Effects Of Zno Nanoparticles In Alfalfa, Tomato, And Cucumber At The Germination Stage: Root Development And X-Ray Absorption Spectroscopy Studies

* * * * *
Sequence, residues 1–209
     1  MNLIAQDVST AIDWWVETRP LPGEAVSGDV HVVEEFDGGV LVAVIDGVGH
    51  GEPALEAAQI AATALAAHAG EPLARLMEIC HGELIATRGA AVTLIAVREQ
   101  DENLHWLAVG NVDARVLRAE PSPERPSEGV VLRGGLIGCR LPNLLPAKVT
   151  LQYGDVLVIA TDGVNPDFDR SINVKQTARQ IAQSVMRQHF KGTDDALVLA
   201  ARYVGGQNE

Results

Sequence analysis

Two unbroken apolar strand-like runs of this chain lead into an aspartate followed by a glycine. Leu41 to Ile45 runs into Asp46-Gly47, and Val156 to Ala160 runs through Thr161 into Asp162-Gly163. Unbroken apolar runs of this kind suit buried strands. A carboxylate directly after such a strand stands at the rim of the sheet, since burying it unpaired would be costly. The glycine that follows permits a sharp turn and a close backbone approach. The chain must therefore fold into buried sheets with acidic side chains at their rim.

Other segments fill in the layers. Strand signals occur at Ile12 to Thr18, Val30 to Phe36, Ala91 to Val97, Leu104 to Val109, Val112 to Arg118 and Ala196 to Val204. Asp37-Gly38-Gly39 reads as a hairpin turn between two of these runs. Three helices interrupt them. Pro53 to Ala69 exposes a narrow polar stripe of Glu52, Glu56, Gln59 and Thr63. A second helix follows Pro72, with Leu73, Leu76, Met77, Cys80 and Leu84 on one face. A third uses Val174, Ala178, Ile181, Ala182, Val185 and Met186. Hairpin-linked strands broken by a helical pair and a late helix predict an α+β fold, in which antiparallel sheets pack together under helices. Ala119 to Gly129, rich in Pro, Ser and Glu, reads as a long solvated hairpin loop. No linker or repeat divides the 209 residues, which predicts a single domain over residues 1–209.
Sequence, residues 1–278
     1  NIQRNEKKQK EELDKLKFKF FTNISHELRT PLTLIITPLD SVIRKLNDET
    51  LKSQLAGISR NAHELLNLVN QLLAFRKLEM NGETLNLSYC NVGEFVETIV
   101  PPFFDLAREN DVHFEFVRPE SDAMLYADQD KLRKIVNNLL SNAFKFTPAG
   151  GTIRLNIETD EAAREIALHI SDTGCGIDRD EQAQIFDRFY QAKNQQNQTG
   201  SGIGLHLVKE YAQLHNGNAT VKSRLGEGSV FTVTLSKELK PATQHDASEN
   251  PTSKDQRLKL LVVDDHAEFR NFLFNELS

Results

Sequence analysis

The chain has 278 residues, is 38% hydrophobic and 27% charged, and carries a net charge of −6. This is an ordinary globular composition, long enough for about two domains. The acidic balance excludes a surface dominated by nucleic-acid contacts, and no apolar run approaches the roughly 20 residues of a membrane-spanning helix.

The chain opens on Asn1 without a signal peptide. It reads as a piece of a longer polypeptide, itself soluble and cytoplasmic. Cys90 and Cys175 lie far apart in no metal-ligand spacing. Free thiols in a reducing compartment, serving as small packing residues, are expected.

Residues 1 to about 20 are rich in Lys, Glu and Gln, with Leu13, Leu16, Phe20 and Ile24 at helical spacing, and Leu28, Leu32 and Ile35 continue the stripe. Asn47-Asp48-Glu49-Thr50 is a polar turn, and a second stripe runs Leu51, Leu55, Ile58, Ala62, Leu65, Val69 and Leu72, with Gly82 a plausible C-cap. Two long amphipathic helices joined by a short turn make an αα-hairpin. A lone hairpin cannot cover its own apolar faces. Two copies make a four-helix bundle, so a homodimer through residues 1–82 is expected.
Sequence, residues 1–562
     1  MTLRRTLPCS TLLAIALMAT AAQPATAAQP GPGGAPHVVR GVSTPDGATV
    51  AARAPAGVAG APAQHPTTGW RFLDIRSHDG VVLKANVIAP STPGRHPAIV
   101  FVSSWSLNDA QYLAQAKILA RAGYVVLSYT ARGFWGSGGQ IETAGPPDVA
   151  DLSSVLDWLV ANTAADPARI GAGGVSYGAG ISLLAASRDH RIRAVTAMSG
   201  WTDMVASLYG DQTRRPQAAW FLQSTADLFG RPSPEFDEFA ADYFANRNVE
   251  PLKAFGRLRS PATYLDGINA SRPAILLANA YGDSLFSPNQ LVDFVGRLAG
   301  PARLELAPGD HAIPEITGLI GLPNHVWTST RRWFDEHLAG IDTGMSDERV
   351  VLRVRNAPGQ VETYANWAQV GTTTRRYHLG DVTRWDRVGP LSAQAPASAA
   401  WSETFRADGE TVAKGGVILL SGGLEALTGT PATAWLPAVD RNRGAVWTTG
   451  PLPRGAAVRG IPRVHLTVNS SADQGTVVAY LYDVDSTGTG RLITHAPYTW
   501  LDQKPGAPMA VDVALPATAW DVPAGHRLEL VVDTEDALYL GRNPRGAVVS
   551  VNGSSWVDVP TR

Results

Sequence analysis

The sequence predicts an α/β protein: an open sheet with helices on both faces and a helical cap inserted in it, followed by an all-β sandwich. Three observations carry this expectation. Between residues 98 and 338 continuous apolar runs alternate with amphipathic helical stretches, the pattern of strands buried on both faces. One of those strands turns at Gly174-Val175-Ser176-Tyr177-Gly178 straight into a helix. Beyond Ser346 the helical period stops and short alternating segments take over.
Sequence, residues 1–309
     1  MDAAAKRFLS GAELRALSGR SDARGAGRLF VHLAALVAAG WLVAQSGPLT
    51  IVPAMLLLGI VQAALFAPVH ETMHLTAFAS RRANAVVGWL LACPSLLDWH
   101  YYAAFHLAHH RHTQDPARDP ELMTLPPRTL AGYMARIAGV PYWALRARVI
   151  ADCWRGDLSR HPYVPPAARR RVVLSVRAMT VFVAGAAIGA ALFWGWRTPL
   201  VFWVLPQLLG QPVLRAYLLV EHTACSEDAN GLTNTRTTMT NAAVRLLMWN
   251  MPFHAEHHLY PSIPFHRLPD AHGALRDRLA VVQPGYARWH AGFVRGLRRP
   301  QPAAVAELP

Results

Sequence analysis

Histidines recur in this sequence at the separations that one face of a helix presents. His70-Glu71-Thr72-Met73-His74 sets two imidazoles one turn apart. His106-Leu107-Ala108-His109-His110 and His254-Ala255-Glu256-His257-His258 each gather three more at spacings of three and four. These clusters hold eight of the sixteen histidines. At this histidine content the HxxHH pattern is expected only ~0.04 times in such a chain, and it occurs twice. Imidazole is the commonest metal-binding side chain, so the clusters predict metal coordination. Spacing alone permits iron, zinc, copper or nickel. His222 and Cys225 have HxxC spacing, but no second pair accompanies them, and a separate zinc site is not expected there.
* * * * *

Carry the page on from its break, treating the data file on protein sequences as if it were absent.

Past reports indicate that some nanoparticles (NPs) affect seed germination; however, the biotransformation of metal NPs is still not well understood. This study investigated the toxicity on seed germination/root elongation and the uptake of ZnO NPs and Zn2+ in alfalfa (Medicago sativa), cucumber (Cucumis sativus), and tomato (Solanum lycopersicum) seedlings. Seeds were treated with ZnO NPs at 0–1600 mg L–1 as well as 0–250 mg L–1 Zn2+ for comparison purposes. Results showed that at 1600 mg L–1 ZnO NPs, germination in cucumber increased by 10 %, and alfalfa and tomato germination were reduced by 40 and 20 %, respectively. At 250 mg Zn2+ L–1, only tomato germination was reduced with respect to controls. The highest Zn content was of 4700 and 3500 mg kg–1 dry weight (DW), for alfalfa seedlings germinated in 1600 mg L–1 ZnO NPs and 250 mg L–1 Zn2+, respectively. Bulk X-ray absorption spectroscopy (XAS) results indicated that ZnO NPs were probably biotransformed by plants. The edge energy positions of NP-treated samples were at the same position as Zn(NO3)2, which indicated that Zn in all plant species was as Zn(II).